This is the fourth and presumably last volume of the autobiography of Milovan Djilas, the only man in the communist world who, having reached the highest circles of Party power and privilege, felt morally obliged to repudiate the entire system that he helped to install. As a consequence he was stripped of office, spent nine years in prison, and has remained until today forcibly isolated from his compatriots and shunned by the official representatives of all foreign countries.

Living in the heart of Belgrade and writing for foreign publishers (at home all his works are taboo, even his translation of Paradise Lost) Djilas has survived through the power of his writings and the reputation they have given him. In 1954, after Djilas’s downfall, President Tito told foreign journalists that he was “politically dead: the most terrifying death of all.” Today when Tito and virtually all his other wartime associates are literally dead, Djilas is not only alive, but so strong a presence that three scholars have just been sentenced to prison principally for the crime of attending a discussion group in a private apartment where Djilas addressed them. The group had been meeting for seven years, and its members were arrested only when the seventy-three-year-old Djilas took part for the first time.

Generations of Yugoslavs have been brought up to believe that Djilas is treachery incarnate. Yet last year, at the thirtieth anniversary of his downfall, the Belgrade Student Center produced a skit describing how the Communist bureaucrats fawned on Djilas while he was still on top, and then sneered at him and traduced him the moment Tito’s favors were withdrawn. Djilas has already published three books dealing with his personal experiences during the period covered in the present volume, from 1945 until he left prison in 1967. The most famous was Conversations with Stalin, based on personal encounters about which Djilas now adds some interesting supplementary details. In The New Class, Djilas became the first to identify the emergence of the privileged nomenklatura as an essential element in all the communist one-party systems. Tito: The Story from Inside gave a memorable firsthand account of Tito’s policies, behavior, and appearance during the time when Djilas and he were constantly in each other’s company.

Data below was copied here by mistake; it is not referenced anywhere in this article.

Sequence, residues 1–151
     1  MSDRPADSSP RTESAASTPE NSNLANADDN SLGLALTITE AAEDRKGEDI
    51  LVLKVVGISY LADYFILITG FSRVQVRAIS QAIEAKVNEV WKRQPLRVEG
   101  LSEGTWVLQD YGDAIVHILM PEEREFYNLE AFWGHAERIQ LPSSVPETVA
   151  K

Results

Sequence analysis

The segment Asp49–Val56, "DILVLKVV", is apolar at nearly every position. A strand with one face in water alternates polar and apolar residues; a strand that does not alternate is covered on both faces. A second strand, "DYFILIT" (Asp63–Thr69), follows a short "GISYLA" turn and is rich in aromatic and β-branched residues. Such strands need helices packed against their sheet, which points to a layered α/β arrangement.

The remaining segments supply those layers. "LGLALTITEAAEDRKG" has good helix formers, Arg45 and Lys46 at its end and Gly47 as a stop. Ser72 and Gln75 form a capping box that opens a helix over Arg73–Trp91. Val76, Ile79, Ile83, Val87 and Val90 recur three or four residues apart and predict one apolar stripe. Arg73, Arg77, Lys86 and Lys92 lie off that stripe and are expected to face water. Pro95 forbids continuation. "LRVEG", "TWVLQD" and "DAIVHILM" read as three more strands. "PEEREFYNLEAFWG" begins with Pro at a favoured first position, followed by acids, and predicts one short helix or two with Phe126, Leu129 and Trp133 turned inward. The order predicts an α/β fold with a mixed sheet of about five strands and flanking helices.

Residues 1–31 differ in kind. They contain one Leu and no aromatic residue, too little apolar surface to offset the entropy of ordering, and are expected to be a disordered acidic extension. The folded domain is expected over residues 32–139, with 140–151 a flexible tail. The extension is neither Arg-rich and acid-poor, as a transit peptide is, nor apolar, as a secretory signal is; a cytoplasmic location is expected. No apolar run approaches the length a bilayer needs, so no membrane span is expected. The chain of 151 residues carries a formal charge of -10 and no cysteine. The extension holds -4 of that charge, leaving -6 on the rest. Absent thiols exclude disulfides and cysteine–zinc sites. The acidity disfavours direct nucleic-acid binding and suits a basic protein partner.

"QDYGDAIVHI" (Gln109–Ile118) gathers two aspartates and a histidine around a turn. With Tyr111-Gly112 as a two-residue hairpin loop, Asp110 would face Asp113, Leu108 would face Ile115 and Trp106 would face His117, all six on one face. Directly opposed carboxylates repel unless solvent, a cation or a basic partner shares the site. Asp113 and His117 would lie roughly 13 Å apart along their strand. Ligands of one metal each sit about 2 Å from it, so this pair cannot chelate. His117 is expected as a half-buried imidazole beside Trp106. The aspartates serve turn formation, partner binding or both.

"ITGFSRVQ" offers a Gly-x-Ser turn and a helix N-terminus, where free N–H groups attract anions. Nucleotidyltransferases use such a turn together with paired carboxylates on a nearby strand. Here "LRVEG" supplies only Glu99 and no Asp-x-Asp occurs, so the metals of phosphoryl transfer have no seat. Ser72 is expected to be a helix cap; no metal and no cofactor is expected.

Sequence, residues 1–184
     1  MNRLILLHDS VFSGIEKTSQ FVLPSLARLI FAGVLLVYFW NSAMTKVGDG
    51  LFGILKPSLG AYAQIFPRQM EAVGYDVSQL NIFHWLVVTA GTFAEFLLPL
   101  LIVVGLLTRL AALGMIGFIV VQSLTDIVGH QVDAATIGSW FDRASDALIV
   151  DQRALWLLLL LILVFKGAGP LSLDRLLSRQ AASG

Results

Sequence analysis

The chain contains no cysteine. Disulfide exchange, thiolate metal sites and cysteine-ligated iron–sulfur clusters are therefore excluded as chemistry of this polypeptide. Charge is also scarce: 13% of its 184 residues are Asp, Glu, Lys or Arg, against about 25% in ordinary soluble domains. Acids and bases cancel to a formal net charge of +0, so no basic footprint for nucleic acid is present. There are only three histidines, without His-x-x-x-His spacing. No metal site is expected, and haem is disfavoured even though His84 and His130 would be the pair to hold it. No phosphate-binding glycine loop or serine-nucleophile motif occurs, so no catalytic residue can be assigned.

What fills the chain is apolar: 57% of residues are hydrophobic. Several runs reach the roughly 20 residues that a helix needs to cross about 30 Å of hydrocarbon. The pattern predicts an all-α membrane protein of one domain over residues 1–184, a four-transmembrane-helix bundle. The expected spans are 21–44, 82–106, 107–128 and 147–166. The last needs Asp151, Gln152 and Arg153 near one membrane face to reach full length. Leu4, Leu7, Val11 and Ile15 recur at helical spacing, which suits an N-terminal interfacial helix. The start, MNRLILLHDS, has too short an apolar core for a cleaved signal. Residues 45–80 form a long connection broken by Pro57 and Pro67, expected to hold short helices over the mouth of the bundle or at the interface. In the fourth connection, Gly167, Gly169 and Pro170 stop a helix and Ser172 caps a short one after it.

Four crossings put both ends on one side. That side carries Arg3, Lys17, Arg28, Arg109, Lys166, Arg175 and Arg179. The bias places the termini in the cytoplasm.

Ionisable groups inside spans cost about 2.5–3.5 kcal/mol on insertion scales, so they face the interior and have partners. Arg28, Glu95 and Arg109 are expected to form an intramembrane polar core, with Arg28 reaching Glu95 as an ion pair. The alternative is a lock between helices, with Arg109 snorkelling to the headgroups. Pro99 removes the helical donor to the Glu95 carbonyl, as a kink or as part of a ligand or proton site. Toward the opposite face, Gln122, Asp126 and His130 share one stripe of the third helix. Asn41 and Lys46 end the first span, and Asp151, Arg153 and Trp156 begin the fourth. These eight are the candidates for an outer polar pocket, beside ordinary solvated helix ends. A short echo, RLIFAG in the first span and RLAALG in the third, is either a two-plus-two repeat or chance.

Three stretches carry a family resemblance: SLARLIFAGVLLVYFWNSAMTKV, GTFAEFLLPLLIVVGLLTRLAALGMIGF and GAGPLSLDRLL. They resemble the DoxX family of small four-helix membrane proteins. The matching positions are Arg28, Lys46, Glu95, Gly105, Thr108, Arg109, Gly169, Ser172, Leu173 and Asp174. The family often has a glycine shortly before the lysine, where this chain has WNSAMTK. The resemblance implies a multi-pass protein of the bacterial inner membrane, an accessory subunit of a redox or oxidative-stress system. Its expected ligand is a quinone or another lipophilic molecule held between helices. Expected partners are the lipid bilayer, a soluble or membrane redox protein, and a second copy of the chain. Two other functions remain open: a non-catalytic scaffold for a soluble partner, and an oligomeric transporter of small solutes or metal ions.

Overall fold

The new volume, which is over four hundred pages long, consequently omits some of Djilas’s best stories and contains much material that is of interest mainly to people with a close knowledge of leading Yugoslav artists and politicians at the time. Those who are interested in Djilas’s life but are unfamiliar with the Yugoslav background, or are daunted by more than 1500 pages of autobiography, will find useful Stephen Clissold’s scholarly and succinct biography: Djilas, The Progress of a Revolutionary.1 Moreover, Clissold writes lucid prose, in contrast to the English version of Djilas’s book, which sounds as if it was translated by someone for whom English was not his first language. Otherwise he would not have Djilas, at the start of his career, describe himself as “a beginning writer,” or let him comment, after being rebuffed by a friend, “This did not sit well with me,” or blame an adversary for being “incapable of grasping stormy times.”

The new volume does however contain some fascinating new sidelights on the history of the period. For example, Djilas recalls Molotov’s remark to Tito that he had personally favored accepting the US offer of Marshall aid in 1947 but had been overruled by the Soviet Politburo. From the Soviet point of view, of course, Molotov was right. If the entire Soviet bloc had accepted there would have been no joint European Recovery Program, Western Europe would have remained physically and morally enfeebled and, at a time when the local Communist parties were still riding high, might have fallen to Soviet power.

Another revelation is that the concept of “a separate path to socialism,” which we all associate with Tito’s Yugoslavia, was in fact put forward first in 1947, at the initial meeting of the Cominform, by the Polish leader Gomulka, who proposed “a Polish path to socialism.” The strongest opposition to the idea came from the Yugoslav delegation, which included Djilas and was militantly Stalinist. Less than a year later, early in 1948, Tito’s second in command, Edvard Kardelj, told Djilas that the direct cause of the developing dispute between Moscow and Belgrade was Tito’s determination to send two divisions of the Yugoslav army into Albania. (This plan, never carried out, was manifestly part of Tito’s program for incorporating Albania into the Yugoslav federation; it has already been referred to by the Albanian dictator Enver Hoxha, who described his own alarm in his book The Titoists, published in Tirana in 1982.) Djilas asked Kardelj whether the troops were necessary, to which Kardelj replied: “Well, the Old Man [nickname for Tito] insisted. You know how it is….”